Wednesday, February 22, 2012
President Obama and Vice President Biden recently hosted an “Insourcing American Jobs” forum at the White House that focused on the increasing trend of companies choosing to “insource” jobs and invest in growing in the United States.
Featuring a cross-section of American industry leaders and experts and cabinet level officials, the event included a roundtable discussion with President Obama and two panel discussions on bringing jobs back to the United States.
Harry Moser, founder and president of the Reshoring Initiative, participated as an expert on American manufacturing and how to revitalize it. He was joined by other leaders from various industries and disciplines, including Hal Sirkin, consultant and senior partner at the Chicago office of the Boston Consulting Group. Each participant had the opportunity to share their own experiences in bringing manufacturing and service jobs back to the United States, as well as advise on the changes needed to further accelerate this process.
“Throughout the day, a common theme emerged: many American companies make sourcing decisions based on price and ignore the total cost of sourcing offshore. Increasing awareness of the total cost of ownership has been one of the Reshoring Initiative's key objectives," said Moser.
Moser cited factors such as intellectual-property risk, the cost and time of travel to visit distant suppliers, and the negative impact of separating manufacturing from engineering staff back at headquarters. These and other frequently overlooked costs usually account for as much as 20 percent to 30 percent of a company's total cost of offshoring, according to Moser.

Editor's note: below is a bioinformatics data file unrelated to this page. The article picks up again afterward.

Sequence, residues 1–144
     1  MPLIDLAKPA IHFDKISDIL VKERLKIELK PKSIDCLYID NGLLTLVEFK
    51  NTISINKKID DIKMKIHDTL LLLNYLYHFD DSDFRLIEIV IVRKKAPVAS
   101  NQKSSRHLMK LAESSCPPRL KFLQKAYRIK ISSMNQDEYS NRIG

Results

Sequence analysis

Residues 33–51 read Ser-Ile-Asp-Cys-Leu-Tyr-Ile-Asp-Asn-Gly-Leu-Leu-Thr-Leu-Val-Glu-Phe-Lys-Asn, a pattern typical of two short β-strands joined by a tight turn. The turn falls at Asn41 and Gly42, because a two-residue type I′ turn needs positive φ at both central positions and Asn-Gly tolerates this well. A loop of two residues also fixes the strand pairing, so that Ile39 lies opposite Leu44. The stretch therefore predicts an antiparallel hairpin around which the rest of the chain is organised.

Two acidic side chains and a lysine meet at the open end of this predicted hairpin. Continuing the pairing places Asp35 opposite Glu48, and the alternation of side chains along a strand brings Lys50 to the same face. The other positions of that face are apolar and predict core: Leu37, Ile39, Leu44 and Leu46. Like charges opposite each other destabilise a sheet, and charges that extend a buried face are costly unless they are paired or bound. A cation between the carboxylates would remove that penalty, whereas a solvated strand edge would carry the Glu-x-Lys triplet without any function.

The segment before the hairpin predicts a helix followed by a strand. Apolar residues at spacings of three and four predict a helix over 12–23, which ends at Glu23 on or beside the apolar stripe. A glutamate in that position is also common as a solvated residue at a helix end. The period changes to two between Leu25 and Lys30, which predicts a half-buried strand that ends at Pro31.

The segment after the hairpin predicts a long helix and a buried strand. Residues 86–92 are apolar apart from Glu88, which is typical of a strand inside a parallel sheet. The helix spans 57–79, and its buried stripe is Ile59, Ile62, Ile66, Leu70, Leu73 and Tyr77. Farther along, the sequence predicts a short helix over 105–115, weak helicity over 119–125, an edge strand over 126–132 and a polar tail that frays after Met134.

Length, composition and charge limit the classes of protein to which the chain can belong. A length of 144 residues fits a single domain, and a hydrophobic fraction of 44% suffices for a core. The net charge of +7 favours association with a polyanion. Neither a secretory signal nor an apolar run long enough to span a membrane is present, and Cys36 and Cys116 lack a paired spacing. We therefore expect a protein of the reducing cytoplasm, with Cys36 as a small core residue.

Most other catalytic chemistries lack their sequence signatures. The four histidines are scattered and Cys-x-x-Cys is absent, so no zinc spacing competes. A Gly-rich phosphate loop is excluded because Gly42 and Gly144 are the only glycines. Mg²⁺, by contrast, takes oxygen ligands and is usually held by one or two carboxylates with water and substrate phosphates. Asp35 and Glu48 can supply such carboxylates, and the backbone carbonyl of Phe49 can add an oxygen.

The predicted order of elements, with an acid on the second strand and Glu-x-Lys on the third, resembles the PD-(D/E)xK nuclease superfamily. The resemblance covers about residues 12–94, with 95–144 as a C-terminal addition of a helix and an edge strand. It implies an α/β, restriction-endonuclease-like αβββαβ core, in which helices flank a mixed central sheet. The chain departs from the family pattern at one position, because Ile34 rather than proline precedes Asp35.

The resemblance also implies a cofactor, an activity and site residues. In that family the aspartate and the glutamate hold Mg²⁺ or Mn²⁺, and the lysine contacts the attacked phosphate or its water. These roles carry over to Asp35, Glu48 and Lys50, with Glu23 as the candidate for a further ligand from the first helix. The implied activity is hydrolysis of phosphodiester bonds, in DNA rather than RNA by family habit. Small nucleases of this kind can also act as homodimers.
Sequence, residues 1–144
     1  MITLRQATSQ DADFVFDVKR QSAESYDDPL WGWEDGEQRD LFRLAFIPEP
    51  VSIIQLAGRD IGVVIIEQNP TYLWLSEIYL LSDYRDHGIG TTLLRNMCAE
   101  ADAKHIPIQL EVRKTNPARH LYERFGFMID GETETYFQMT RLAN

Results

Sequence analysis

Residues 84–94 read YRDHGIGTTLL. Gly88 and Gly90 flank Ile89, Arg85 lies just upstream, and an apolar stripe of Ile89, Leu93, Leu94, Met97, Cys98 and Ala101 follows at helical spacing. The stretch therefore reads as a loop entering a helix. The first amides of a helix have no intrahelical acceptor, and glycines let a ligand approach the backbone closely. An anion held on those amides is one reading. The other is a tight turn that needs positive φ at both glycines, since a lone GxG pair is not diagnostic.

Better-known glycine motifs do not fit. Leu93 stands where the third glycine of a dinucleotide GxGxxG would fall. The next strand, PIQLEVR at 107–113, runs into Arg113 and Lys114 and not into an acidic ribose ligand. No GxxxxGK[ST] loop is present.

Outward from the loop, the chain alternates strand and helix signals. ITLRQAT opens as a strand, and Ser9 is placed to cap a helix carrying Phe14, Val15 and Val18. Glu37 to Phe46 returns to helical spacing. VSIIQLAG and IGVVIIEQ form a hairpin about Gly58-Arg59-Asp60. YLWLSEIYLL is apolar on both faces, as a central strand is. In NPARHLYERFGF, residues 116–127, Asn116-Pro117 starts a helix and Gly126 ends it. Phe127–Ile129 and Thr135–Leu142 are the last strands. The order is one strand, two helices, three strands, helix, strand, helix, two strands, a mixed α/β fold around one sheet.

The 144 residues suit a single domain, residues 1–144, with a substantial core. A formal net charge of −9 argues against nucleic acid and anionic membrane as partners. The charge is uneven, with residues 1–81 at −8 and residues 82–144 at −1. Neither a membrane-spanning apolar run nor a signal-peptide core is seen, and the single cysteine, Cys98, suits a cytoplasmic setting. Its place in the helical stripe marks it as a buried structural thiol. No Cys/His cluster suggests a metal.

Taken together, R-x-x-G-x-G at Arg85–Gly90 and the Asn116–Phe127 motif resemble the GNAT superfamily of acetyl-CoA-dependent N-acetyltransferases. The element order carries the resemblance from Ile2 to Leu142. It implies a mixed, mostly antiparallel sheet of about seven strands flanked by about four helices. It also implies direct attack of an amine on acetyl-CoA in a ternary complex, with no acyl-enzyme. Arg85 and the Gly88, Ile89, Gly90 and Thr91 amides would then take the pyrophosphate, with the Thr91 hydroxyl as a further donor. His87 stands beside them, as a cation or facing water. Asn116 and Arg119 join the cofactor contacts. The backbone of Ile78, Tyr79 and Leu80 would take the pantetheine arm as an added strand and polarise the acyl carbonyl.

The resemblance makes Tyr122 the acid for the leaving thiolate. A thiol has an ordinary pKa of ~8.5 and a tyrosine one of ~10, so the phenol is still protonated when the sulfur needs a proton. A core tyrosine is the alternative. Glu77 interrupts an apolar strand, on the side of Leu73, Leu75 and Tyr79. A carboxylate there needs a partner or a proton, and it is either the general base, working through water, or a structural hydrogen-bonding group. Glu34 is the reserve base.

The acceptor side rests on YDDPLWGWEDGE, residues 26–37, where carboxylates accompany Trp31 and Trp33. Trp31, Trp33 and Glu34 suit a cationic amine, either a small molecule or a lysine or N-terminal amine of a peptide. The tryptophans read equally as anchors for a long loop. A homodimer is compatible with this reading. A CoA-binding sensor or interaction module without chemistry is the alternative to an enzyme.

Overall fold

Using data compiled from 10 manufacturers that compared the costs of products and components made in the U.S. versus China, Moser told President Obama that when measured on price, the U.S. was on average 108 percent higher. When Moser analyzed the total cost of ownership, which includes 28 additional factors, the U.S. averaged 12 percent higher. In six cases, the total cost for the U.S. was lower than China by an average of 22 percent.
“The U.S. is a lot more competitive than people realize,” Moser says. “Over the last several years, firms got caught up in the outsourcing trend without thinking through the costs.”
Manufacturers, including Caterpillar, Ford and General Electric are starting to move some production back to the U.S. The two factors that drove companies overseas, inexpensive fuel and labor, are changing. The average price of a barrel of oil has gone from $22.81 in 2002 to $87.48 last year, so the price of shipping finished goods has increased. China’s wages have risen 15 percent a year during that same period. In addition, America’s availability of inexpensive natural gas is appealing to the metals and chemicals industries specifically. Natural gas prices in China are more than twice as expensive as in the U.S.
The Reshoring Initiative offers a Total Cost of Ownership Estimator is an online tool that can help uncover costs. “Large companies can use the tool to aggregate their costs and risk factors to truly compare apples-to-apples in their sourcing decisions. Additionally, smaller companies also can utilize the software as a sales tool, harnessing it to more accurately reflect their competitiveness with overseas manufacturers," said Moser.
Download a fact sheet that outlines steps the President has already taken to support insourcing.
Additional information on this topic:
"For Some U.S. Manufacturers, Time to Head Home"